We already got a glimpse of such images in Rijneveld’s 2015 poetry debut Kalfsvlies (Calf’s Caul):

[...] Every moment of the day she wants to calculate the distance, a ruler between bodies,
record the diameter of an embrace or the going away of calves
while you are still on the couch

Calf’s Caul was awarded the C. Buddingh’-prize in 2016. ‘An explosion of talent,’ pronounced the jury. That explosion is visible in the layout: there is hardly room for emptiness in the poems. Rijneveld calls them ‘stacked clouds’, poems of metaphor upon metaphor. The same technique is applied in The Discomfort of Evening in the description of a thin layer of ice that has formed on a discarded water mattress: ‘I didn’t dare stand on it, afraid that I would fall through. The dark mattress slowly shrank like a vacuum-sealed packet of coffee.’

The stream of images and questions in Jas’s head is stifling, the pages heavily laden. On the book’s back flap, we find author Lize Spit’s endorsement: ‘Oppressive. Each chapter submerges you anew in Rijneveld’s dark world full of beautiful images.’ A comparison with Spit’s 2015 debut novel Het smelt (The Melting), which is similarly dark, already led some to name the non-binary author as Spit’s ‘bleak literary twin’. The parallels are easy to draw: a young girl grows up in a traditional farming family, discovers her budding sexuality and indulges in aberrant games. Both main characters are marked by trauma. But the resemblance ends there.

Because while Lize Spit’s debut is strongly driven by its plot, De avond is ongemak (The Discomfort of Evening) demands to be read as a collection of poetry. The novel is the logical continuation of Kalfsvlies (Calf’s Caul), with images from that collection recurring, and with the same impossible aim of reaching the self. Rijneveld’s prose invites being read more slowly than is necessary. As Jas observes: ‘From now on, every visitor to the house would wipe their feet for longer than necessary. I learned that at first, death requires people to pay attention to small details – […] to delay the pain.’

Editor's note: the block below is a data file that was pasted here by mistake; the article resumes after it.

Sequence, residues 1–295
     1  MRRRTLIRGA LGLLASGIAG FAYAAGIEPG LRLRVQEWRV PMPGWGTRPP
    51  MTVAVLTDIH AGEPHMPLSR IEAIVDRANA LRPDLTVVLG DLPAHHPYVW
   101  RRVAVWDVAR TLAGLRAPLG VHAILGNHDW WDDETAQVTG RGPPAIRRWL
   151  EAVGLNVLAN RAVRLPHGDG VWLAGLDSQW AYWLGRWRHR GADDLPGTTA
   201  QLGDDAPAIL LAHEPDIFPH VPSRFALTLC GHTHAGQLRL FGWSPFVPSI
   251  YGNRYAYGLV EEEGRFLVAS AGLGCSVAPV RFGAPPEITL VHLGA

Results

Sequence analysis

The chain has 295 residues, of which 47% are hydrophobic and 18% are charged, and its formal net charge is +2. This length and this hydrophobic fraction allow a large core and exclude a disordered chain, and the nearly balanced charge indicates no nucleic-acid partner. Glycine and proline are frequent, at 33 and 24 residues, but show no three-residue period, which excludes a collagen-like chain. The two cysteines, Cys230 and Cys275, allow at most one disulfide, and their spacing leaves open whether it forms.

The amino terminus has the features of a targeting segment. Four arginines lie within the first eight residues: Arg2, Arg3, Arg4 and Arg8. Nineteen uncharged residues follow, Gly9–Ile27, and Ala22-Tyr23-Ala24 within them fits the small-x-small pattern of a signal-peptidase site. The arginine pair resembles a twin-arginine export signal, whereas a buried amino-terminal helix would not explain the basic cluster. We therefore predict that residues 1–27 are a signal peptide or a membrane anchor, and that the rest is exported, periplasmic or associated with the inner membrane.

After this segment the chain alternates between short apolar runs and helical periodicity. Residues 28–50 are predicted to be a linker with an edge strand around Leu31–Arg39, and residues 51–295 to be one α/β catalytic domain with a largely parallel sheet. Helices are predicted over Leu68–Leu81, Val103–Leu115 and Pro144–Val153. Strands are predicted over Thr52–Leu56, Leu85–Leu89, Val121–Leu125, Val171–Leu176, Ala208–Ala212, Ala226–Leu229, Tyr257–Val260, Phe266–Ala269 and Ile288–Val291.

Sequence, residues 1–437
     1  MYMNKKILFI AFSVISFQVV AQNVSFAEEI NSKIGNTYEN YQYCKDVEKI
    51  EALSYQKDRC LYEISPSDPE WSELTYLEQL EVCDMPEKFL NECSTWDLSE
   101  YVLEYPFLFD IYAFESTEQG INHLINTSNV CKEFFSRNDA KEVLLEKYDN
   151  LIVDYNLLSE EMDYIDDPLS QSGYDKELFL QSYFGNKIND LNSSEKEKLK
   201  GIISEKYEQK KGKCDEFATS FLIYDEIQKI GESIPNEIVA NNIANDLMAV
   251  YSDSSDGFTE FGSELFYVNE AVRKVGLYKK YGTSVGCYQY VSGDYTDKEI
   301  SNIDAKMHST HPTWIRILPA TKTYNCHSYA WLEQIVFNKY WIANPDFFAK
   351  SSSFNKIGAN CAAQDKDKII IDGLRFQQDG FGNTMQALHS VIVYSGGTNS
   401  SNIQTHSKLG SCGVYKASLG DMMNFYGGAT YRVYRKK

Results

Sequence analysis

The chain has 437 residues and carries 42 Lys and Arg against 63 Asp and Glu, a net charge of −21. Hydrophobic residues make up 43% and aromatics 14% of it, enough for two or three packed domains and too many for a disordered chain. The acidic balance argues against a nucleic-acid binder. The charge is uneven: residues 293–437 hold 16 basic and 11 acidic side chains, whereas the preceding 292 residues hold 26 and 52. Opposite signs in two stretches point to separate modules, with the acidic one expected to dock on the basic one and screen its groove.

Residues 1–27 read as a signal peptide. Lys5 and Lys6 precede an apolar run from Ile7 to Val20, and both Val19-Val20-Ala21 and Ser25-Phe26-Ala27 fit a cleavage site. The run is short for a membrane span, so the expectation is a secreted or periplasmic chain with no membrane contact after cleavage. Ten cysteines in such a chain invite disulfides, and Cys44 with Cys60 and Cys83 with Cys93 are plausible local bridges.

Rijneveld too sometimes delays that pain. But if a page requires you to linger on its precise imagery or on the questions it provokes, it is only so the next page hits all the harder. The Discomfort of Evening is indeed uncomfortable, but that is a good thing, because ‘in discomfort we are real’.

Marieke Lucas Rijneveld, De avond is ongemak, Atlas Contact, Amsterdam, 2018

The Discomfort of Evening, Faber and Faber, London, 2020, translated by Michele Hutchison

Derek van Dassen

I’m Dutch-Canadian, and have read/translated Dutch to English literary fiction off and on for almost thirty years. (I have a lot to say about all that, but will stick to the subject at hand for now. lol)

Two comments: 1. Dutch authors love to shock. I’m not a prude, but it seems to me it’s often used as a device to avoid dealing with more subtle and difficult issues in relationships. 2. Sadly, as a New Yorker editor said to me in the Nineties, when I submitted a translated short story, Dutch literature can be ‘derivative.’ In this case, I wonder if Rijneveld happened to read Miriam Toews’s A Complicated Kindness when Rijneveld was a teen.

JS Bach was a genius because he did it first; it was original and moved music forward from where he found it. CPE wrote good music but it was derivative. I wouldn’t mind Discomfort of Evening as just a book in the “growing up in a cult was a bitch” genre, but now that it’s won the International Booker...

Sign in

Register or sign in to read or purchase an article.


You are visiting this website through a public account.
This allows you to read all articles, but not buy any products.

Important to know

When you subscribe, you give permission for an automatic re-subscription. You can stop this at any time by contacting emma.reynaert@onserfdeel.be.